Youth employment

The Youth Guarantee in the Western Balkans: five lessons to learn from the case of North Macedonia

Among the many notches that North Macedonia put on its belt in recent years, there is one for being the first non-EU country bent on introducing a fully-fledged youth guarantee (YG). When the Recommendation of the European Union Council compelled EU Member States to put in place a YG, in 2013, Governments and their social partners committed to ensure that all young people would receive a good-quality offer of employment, continued education, an apprenticeship or a traineeship within four months of becoming unemployed or leaving formal education.

News | 07 August 2019

©ILO/Marton Kovacs

Some EU Member States had to learn the hard way that the successful implementation of this policy instrument is not for the faint of heart. Clearly, manifold forms of support were available: the Youth Employment Initiative and the European Social Fund provided matching funds; the European Commission and the ILO offered technical assistance to Member States falling behind; mutual learning and peer-assist opportunities could be availed through the Mutual Learning Programme. In spite of that, some Member States struggled with insufficient resources and the inability to systematically deliver on ‘early intervention’, one of the three policy pillars underpinning the YG, together with ‘activation’ and ‘labour market integration’.

So how is North Macedonia faring in the implementation of this policy, without having access to the same support system as the EU Member States?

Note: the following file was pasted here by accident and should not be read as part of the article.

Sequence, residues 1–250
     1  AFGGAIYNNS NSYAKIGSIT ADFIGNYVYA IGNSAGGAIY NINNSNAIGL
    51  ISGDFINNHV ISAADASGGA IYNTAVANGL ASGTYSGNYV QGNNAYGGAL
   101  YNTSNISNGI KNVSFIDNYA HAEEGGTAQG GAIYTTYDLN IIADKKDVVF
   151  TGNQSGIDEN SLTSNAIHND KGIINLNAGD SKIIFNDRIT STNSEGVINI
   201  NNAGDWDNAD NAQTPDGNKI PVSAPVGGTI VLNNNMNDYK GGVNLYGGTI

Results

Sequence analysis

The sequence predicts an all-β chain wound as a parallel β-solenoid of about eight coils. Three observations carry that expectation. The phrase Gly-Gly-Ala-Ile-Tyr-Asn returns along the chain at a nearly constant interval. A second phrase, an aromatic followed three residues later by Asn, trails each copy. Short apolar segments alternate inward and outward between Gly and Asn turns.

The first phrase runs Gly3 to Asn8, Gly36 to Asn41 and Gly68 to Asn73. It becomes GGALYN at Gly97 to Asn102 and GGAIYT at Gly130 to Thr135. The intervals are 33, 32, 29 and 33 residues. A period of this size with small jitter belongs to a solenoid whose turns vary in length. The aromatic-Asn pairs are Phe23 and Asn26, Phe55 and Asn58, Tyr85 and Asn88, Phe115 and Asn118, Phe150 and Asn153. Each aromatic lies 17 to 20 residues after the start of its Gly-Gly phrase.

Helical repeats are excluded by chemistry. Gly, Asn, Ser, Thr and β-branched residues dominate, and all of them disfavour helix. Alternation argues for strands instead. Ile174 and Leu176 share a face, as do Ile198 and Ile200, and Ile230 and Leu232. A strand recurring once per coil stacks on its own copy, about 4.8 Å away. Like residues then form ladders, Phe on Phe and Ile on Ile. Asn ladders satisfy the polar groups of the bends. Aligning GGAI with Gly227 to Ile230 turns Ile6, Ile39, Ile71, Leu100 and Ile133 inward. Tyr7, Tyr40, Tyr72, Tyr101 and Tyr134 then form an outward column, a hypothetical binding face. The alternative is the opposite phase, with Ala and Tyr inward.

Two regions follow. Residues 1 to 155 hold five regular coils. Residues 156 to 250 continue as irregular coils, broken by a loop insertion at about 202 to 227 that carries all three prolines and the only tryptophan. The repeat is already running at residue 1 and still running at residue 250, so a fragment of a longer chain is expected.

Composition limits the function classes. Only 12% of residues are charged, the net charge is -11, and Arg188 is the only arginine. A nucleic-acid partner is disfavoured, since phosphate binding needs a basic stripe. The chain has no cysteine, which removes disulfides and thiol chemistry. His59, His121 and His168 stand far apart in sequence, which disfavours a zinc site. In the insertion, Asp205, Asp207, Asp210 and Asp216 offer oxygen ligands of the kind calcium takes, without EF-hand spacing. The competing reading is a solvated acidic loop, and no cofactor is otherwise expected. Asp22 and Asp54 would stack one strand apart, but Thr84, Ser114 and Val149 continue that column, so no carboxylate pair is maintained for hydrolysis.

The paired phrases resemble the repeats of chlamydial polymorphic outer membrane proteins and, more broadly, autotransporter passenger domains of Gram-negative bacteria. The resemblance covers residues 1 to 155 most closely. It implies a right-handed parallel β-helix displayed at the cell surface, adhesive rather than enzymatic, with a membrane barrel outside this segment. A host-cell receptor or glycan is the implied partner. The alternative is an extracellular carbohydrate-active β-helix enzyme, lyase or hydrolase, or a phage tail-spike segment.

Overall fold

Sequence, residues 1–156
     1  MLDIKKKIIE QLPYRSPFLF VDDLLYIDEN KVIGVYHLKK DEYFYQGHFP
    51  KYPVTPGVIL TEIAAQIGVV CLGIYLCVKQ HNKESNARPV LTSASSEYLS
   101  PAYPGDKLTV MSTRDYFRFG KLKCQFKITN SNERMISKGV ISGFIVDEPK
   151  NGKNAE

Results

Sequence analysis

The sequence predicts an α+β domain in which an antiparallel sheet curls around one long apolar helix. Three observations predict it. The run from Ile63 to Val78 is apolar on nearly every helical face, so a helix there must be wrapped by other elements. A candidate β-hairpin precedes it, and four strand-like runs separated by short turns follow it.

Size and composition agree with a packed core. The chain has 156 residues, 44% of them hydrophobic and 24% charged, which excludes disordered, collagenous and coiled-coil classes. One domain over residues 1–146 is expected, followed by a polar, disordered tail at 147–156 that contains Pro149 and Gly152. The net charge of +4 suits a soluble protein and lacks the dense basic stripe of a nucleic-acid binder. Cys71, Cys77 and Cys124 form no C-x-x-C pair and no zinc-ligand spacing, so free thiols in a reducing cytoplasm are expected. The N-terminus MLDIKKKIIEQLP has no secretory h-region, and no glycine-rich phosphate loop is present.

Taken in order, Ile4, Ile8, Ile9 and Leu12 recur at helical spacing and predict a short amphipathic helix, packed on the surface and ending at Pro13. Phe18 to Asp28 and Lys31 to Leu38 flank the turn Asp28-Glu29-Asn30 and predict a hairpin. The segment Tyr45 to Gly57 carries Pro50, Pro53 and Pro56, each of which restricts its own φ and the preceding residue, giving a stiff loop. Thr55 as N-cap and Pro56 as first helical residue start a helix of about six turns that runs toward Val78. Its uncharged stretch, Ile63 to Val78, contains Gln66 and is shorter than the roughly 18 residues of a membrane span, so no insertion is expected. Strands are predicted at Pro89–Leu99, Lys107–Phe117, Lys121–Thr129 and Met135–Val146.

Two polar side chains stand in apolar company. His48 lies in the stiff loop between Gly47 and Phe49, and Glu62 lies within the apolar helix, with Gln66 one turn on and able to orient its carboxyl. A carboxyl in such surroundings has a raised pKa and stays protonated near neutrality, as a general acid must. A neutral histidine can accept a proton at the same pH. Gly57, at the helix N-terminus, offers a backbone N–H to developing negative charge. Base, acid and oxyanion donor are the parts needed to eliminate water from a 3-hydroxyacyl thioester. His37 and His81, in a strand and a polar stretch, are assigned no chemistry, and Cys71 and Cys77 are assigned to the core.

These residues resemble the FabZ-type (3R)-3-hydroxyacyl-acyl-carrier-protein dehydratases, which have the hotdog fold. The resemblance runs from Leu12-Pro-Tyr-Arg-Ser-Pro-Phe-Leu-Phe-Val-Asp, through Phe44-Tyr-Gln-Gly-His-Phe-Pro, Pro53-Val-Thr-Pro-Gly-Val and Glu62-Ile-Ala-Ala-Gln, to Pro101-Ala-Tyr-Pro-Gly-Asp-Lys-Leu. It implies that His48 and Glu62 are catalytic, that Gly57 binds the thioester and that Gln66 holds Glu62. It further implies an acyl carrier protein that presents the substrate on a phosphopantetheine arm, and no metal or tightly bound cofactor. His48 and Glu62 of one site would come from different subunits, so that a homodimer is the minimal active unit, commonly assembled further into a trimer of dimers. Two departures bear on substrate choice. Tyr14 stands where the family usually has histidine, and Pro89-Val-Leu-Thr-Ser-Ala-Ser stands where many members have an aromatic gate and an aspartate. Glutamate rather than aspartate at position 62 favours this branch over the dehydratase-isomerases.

Back in 2017, North Macedonia appealed to the ILO to begin a process of reflection on critical issues to consider before embarking on this substantive reform of the labour market. While other development partners can offer financial resources for implementation, the ILO is a technical agency whose strong suit is the provision of policy advisory services and technical assistance. Thus, the ILO engaged in the analysis of the statistical and administrative labour market data. Through a capacity development programme, ILO experts developed technical guidance documents for the North Macedonian institutions on desirable design features to consider during the pilot phase reaching out to several thousand youth in three municipalities, based on the review of EU practices and a sound knowledge of the institutional landscape and service delivery models in the country. In May 2019, the ILO conducted a monitoring mission to assess the results of the pilot phase and furnished a series of recommendations for the YG Implementation Plan 2020-2022, which will cover the entire country.

Thus, what are so far the key lessons to learn from the North Macedonian experience with the operationalization of the youth guarantee?

1)    The conundrum of early intervention. Similarly to EU Member States, the progress under this policy pillar has been slower than expected, with the burdensome procedures for amending the legislation playing a role, among other factors. The rationale for including these measures in the youth guarantee is mainly associated with minimizing the risk of becoming NEET (not in employment, education, or training) for youth who are still at school. With an estimated stock of over 100,000 young North Macedonians already eligible to apply for the youth guarantee, the focus of policy-makers may be drawn elsewhere. However, one should not give in to the erroneous perception that delays in this policy pillar would not severely affect also the short-term outcomes of the guarantee.